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Uncle Kracker's Bond Reduced to $75,000

A judge reduced the bond of singer Matthew Shafer, also known as Uncle Kracker, from $5 million to $75,000. Shafer was arrested Friday at a Cary hotel on a sex charge.

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RALEIGH, N.C. — A district judge on Friday reduced the bond of singer Matthew Shafer, also known as Uncle Kracker, from $5 million to $75,000 following Shafer's arrest early Friday on a sex charge.

Shafer, a platinum record-selling country-rock-rap artist, was arrested at the Embassy Suites in Cary on a charge of second-degree forcible sex offense at about 4:45 a.m., police said.

A 26-year-old woman approached an off-duty officer at the Ess Lounge, at 326 W. Davie St. in Raleigh, saying Shafer committed a sex act against her while she was inside the establishment, police said. Shafer and the woman were not acquaintances, police said.

In a statement to People magazine, Shafer said: "It's regrettable that someone would make this kind of allegation, not only because it's not the kind of thing I'd do, as the father of two girls, it's the kind of thing that I wouldn't stand for."

Shafer, known for hits like "Follow Me," and "When the Sun Goes Down" – his duet with country star Kenny Chesney – was in Raleigh  to appear at Thursday night's Downtown Depot Party to celebrate the redevelopment of an area around the train station.

"Who this person is doesn't matter. It's what has happened that matters," said Jim Sughrue, spokesman for the Raleigh Police Department.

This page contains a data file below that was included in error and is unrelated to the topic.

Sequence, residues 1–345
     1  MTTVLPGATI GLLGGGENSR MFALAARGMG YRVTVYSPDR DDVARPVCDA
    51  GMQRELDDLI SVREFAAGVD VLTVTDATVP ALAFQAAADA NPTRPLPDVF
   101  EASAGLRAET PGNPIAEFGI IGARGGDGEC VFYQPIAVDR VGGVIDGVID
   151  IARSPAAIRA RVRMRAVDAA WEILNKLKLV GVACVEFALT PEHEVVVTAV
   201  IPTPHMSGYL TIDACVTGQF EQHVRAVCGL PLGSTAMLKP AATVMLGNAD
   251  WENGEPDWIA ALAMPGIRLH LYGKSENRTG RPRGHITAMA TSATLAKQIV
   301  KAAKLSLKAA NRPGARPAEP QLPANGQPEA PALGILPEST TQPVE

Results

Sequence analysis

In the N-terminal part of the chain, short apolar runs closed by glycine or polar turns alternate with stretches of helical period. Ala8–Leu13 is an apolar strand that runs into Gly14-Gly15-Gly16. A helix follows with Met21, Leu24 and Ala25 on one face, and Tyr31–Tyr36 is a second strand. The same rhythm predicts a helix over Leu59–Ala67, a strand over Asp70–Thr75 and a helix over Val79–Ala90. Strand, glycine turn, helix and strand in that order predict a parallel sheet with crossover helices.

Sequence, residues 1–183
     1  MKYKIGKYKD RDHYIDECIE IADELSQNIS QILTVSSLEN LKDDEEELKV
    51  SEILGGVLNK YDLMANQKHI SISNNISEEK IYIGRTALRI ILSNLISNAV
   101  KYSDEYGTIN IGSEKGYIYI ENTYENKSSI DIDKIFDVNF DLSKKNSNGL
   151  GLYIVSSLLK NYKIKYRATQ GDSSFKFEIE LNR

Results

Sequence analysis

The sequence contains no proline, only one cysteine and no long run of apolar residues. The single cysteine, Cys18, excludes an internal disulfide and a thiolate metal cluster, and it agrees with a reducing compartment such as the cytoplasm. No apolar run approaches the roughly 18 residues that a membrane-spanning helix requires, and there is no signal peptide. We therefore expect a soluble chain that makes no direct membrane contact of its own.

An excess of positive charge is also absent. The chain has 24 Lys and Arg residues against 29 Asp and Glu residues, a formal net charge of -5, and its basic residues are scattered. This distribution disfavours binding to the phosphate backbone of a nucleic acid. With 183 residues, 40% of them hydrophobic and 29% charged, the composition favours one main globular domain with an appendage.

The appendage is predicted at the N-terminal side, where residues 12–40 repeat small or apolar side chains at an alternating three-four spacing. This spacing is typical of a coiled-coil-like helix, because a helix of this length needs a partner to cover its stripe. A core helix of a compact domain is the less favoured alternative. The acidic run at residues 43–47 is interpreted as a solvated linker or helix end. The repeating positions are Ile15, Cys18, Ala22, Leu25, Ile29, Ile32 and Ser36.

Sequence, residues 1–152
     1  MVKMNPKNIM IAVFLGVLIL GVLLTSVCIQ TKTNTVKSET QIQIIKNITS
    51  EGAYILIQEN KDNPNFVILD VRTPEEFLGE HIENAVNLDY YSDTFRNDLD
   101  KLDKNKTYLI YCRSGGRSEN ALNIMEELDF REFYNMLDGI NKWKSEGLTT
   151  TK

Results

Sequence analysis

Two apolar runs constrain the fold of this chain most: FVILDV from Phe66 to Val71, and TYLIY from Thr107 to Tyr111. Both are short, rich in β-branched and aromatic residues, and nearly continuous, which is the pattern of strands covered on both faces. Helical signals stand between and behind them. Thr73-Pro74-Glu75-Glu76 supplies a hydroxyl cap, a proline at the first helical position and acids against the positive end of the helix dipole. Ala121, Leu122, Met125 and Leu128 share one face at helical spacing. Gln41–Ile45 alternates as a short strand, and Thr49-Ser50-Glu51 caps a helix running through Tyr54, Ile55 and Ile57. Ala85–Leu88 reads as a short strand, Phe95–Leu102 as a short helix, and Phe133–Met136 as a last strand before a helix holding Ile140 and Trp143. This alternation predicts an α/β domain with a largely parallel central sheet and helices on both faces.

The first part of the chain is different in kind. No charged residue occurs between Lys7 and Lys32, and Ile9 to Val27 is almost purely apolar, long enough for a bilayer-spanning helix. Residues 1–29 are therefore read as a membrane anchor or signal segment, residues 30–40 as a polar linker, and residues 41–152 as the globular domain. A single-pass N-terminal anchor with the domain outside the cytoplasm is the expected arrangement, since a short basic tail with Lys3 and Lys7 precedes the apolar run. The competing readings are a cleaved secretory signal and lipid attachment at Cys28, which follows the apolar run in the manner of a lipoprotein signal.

According to a state statute, second-degree forcible sexual offense involves sexual acts, which do not include vaginal intercourse, with a person by force and against the will of the other person, or with a person who the perpetrator knows is mentally disabled, mentally incapacitated or physically helpless.

"It is not rape, and other than that, that statute on sexual offenses covers a wide range of inappropriate behavior," Sughrue said, declining to be more specific about the allegation against Shafer.

Cary police detained Shafer at the Embassy Suites until Raleigh officers arrived to serve the arrest warrant.

The management of Ess Lounge issued a statement Friday afternoon, calling the incident "a very unfortunate turn of events on what was a great night in downtown Raleigh."

"We have never had any allegations like this before, and we consider our place of business to be a very safe environment," the statement said. "We need to let the investigation work through the process. If called upon, we will fully cooperate with local authorities in regards to (the) investigation."

More than a dozen security officers, including Raleigh police officers, were at the lounge Thursday night until after it closed, the managers said in the statement.

The $5 million bond was set after Shafer told arresting officers that he would immediately fly back to Michigan to avoid prosecution, according to the conditions of release order filed by a Wake County magistrate. The order also stated that Shafer has "major assets at his disposal" and the court considers him to be an "exceptionally high flight risk."

But District Judge Jane Gray ruled a $5 million bond is outside the guidelines for a Class C felony like the charge against Shafer. The bond should have been between $50,000 and $200,000, she said.

Gray set the bond at $75,000 during a Friday afternoon hearing, with the stipulation that Shafer have no contact with the accuser.

His next court date is set for Sept. 24.


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